More than a hundred protesters gathered outside an iconic gay pub in Camden Town over the weekend amid continuing fears over its future.

The Black Cap pub, well-known for its cabaret acts and drag performances, abruptly closed its doors last Monday.

Faucet Inn had run the venue for the last five years. It announced last week it could “no longer operate” the pub after new owners had taken it over.

The historic venue, around since the 1800s, is one of a handful of LGBT pubs left in north London and the decision left many outraged.

Drag artists, local councillors and LGBT campaign groups gathered outside the pub on Saturday afternoon to protest against the suprise closure.

It comes after a series of failed planning applications were submitted by the prior owners.

The most recent application saw the pub chain firm seek to turn the upper floors of The Black Cap into three flats with roof terraces.

Camden councillors unanimously rejected planning permission for the proposals in February.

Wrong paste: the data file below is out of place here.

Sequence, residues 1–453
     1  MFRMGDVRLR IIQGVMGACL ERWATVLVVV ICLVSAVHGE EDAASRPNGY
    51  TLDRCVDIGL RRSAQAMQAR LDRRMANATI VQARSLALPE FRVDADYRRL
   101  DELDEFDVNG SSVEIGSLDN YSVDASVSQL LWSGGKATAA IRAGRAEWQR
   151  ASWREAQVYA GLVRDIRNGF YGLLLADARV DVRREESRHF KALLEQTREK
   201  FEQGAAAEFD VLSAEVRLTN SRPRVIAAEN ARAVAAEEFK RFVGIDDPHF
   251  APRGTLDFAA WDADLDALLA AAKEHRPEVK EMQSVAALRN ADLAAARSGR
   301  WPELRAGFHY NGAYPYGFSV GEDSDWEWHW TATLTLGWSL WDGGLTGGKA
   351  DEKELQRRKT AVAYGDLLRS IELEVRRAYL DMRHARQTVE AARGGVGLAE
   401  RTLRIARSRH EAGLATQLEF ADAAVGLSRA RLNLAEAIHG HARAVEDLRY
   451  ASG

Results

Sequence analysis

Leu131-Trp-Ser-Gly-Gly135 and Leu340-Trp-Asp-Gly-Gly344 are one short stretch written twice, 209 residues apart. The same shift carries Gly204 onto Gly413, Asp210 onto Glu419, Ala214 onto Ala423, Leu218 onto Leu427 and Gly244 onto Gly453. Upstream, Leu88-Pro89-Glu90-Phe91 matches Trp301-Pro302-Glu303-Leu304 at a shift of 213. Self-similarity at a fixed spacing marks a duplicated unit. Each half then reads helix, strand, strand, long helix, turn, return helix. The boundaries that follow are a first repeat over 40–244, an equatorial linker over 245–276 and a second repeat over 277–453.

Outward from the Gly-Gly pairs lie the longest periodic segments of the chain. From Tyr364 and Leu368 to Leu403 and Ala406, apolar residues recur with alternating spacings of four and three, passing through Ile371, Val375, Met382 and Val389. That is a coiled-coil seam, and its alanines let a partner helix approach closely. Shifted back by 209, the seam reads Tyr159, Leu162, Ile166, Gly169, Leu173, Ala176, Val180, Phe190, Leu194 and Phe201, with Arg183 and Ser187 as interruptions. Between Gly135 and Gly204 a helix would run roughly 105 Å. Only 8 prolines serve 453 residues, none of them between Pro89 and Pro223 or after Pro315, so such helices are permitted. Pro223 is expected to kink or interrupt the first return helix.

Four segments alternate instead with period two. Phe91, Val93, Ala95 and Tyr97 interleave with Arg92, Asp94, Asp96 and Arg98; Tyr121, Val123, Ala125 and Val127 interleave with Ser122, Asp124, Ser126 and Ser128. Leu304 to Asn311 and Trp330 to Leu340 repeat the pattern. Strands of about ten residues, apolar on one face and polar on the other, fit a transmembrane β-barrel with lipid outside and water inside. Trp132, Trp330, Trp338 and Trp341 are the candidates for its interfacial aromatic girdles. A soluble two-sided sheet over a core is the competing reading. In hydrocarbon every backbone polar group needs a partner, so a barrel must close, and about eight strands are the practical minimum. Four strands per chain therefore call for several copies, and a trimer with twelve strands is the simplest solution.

More recently, it looked as if the future of the pub may have been more secure after the council listed it as an Asset of Community Value (ACV).

Nigel Harris, director of Camden LGBT Forum, said: “Camden LGBT Forum has a long history with the Black Cap. It was one of our original safe havens for LGBT people, and has been host to dozens of Forum events and outreach sessions and I fondly remember our trip there to celebrate the founding of our Forum 13 years ago.

“It was therefore a shock to find that the Cap had shut its doors on Monday. Even more of a shock was the declaration that the now former owners had sold the venue in December. In my mind this is very much against the ‘spirit’ of planning rules.

“Although the ACV status has not prevented the sale of the venue, as it happened prior to our nomination being accepted, it will limit the terms of use.

“As of yet Camden Council has not received any new requests for planning permission. Should they receive one they will judge it on its merits. I imagine it would be unlikely to go through, however, as the council has made clear its respect for the venue through its granting of ACV status and decisions to turn down planning permission twice in recent years.

“In my mind this means the new owners will keep the venue as a bar. The question is what kind of bar?”